Companies do not come up with their own rules. Companies shall conform with the laws that the particular government (in this case the UK) requires business entities to comply with.
There is another element which neither angry British people nor politicians of the UK failed to consider.
If the legislation allows certain types of operations allowing companies to improve their financial health and the top management of any company would decide not to use that legitimate avenue to maximize profit because of some moral norms, it is highly possible that the entire top management team could lose their job in a blink of an eye. And possibly, shortly thereafter, the fresh ex-members of the top management could realize that no other company will employ them ever.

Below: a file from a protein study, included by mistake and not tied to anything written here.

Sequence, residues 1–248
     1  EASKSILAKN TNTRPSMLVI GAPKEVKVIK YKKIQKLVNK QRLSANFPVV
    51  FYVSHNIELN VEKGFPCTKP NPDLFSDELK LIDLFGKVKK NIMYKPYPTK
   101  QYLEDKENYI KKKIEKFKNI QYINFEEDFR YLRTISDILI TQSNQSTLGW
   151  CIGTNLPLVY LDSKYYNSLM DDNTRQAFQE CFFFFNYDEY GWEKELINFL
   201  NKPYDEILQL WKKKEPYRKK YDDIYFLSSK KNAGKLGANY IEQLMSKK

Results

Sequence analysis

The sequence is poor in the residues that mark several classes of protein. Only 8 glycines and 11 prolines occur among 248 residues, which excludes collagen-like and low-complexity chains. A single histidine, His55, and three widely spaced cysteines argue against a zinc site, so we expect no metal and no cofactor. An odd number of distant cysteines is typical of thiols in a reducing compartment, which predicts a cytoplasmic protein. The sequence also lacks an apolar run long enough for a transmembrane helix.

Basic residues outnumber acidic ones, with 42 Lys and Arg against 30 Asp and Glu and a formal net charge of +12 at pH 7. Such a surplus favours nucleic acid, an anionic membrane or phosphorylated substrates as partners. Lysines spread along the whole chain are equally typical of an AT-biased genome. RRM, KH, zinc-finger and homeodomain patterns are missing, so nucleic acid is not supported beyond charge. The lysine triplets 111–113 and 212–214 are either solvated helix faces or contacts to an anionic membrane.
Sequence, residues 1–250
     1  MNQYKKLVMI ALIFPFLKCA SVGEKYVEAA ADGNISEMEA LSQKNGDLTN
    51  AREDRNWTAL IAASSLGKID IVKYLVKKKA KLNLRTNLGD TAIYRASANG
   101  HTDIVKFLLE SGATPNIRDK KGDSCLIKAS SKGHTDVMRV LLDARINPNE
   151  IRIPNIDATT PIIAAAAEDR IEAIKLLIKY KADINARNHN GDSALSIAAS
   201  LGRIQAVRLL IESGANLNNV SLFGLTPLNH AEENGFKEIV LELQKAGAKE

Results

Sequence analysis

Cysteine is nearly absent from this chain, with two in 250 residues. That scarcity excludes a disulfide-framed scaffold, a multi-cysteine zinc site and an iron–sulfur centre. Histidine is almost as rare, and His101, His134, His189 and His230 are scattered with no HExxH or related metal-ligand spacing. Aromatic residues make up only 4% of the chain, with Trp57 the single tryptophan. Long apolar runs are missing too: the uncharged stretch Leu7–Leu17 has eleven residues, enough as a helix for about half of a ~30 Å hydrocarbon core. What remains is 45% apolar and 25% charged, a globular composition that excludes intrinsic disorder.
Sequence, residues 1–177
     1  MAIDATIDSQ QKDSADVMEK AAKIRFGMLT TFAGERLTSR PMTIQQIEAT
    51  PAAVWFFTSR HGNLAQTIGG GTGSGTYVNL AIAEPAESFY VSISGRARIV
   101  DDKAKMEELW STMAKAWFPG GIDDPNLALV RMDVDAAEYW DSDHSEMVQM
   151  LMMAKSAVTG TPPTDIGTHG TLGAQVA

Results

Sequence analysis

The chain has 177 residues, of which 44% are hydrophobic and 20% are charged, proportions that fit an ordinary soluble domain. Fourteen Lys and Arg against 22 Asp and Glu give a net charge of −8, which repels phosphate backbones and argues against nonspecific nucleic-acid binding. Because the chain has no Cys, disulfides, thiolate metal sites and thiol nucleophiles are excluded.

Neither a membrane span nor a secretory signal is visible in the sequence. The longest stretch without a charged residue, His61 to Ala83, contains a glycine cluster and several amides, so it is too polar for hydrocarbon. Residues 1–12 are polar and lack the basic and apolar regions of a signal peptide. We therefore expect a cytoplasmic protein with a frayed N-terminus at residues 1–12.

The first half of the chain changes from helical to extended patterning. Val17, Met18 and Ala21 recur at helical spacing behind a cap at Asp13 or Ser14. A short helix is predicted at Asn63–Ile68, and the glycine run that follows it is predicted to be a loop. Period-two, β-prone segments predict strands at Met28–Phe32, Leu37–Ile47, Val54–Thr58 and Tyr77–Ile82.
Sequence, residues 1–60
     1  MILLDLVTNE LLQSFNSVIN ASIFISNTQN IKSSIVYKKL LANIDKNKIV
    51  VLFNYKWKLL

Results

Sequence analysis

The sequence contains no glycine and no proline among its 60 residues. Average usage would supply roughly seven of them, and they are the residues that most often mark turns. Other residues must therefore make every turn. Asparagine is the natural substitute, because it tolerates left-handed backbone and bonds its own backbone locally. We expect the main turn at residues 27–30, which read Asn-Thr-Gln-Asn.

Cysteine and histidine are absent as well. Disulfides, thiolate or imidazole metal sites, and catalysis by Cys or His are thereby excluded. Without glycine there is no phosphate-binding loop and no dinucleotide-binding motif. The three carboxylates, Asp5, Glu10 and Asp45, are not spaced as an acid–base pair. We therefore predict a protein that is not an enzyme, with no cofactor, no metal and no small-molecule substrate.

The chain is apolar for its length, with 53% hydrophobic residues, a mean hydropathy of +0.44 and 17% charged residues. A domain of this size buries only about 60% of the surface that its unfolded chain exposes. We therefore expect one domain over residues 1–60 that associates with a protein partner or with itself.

Therefore, it is essential for people to understand one thing. If they believe that they can demand, first, they should carefully study the subject of their demand to avoid a possibility of being embarrassed for barking up the wrong tree.
As to the statement of Stephen Timms, former financial secretary, regarding paying tax being “moral issue”, there is only one word to describe it – NONSENSE.
Paying tax is not a choice. Therefore it doesn’t fit the definition of “moral”. The issue of tax belongs to the legal sphere. And for the avoidance of confusion, it shall remain their forever.
The reason I mentioned confusion is that Mr Timms is already confused just by trying to carve out the issue of tax from the legal area and place it next to moral values.
Before taxation migrates from legal to the moral zone, six events are required to take place:
A. The day when Hell freezes over;